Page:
Director Rios has staged this play in a clever way, moving the audience along with the action of the play. The first act is set up on the stage facing toward the backstage area, where the audience sits. Act 2 then turns the action around with a more traditional theatre set-up, with the audience moved from backstage into the auditorium.  The set, designed by Kyra Bishop, is appropriately evocative of the rustic way the survivors have to live. The costumes, by Amy Harrison and Ruth Schmalenberger, appropriately suit the characters and range from the more realistic outfits of the first two acts to the more theatrical styled costumes of the third, augmented by some wonderfully detailed masks by Scott Schoonover.  All the technical aspects of this show work together well in helping to achieve just the right post-apocalyptic atmosphere.

Acting-wise, the cast here is completely convincing, handling the mixture of drama, dark comedy, and more classical-styled performance extremely well.  Chuck Brinkley, Rachel Tibbetts, Jennifer Theby-Quinn, Will Bonfiglio, Rachel Hanks, Jared Sanz-Agero comprise the initial ensemble, with Maggie Wininger joining the group in Act 2, and Kay Love in Act 3.  All of the actors perform their parts well, with some taking on more than one role and several portraying multiple characters.  It’s difficult to single anyone out, as each performer is given their moments to shine and this is truly an ensemble production.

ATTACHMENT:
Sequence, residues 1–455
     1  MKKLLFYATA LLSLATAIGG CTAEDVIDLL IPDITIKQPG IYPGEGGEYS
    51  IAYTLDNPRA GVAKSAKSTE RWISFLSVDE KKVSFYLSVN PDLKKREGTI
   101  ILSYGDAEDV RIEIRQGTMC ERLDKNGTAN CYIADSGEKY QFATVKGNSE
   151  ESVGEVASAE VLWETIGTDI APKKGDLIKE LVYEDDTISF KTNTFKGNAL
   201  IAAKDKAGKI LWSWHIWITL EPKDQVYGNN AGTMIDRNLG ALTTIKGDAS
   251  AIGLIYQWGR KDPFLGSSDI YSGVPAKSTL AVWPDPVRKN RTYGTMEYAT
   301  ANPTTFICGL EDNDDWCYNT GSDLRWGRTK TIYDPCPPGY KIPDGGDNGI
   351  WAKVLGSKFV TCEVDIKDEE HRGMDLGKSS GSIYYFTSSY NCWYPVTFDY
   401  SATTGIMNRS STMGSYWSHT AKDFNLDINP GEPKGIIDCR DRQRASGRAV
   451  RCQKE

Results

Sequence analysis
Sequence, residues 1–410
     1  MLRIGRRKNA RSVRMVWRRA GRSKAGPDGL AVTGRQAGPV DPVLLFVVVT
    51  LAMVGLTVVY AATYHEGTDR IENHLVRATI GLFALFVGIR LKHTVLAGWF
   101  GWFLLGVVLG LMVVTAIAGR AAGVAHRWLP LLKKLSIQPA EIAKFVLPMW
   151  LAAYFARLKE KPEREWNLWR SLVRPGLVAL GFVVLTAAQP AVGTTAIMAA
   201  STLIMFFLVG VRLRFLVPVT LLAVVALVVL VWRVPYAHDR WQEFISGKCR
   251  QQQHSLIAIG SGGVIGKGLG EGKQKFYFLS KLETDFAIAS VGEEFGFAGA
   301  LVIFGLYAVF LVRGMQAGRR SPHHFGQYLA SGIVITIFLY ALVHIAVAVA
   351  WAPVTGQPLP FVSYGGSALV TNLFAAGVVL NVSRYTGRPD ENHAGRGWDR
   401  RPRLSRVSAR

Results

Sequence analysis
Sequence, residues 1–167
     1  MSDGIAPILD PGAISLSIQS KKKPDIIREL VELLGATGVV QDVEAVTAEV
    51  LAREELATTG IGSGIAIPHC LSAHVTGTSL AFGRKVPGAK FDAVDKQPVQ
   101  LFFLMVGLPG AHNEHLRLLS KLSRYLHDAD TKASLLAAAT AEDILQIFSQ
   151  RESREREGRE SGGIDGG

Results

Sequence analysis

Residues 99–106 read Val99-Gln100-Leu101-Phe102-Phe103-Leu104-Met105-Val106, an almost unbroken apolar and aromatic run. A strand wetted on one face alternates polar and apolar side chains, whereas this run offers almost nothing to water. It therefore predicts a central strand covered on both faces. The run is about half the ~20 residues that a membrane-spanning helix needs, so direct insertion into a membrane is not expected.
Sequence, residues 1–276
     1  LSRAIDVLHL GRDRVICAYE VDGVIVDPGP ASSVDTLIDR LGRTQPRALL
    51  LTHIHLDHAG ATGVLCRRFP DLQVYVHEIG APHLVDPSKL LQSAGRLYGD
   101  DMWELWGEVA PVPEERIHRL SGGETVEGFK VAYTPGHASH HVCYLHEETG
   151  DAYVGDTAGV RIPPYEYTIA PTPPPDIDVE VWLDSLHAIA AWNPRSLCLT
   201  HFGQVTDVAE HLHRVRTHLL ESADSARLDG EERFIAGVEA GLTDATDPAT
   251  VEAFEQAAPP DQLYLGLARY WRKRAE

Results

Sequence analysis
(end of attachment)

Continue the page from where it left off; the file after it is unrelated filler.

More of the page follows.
Mr. Burns is a dark piece, even bleak at times, but the hope is there as well. I’m amazed at how much depth and imagery can be drawn directly from The Simpsons. This is a show like I’ve never seen before, taking conventions to inventive levels with a great deal of thought and artistry.  It’s a challenging play that will make audiences thinkand R-S Theatrics has brought it to the stage in a powerful, admirable production.

Will Bonfiglio, Jennifer Theby-Quinn Photo by Michael Young R-S Theatrics

Will Bonfiglio, Jennifer Theby-Quinn
Photo by Michael Young
R-S Theatrics

R-S Theatrics’ Production of Mr. Burns: A Post Electric Play runs at the Ivory Theatre until September 20th, 2015

Read Full Post »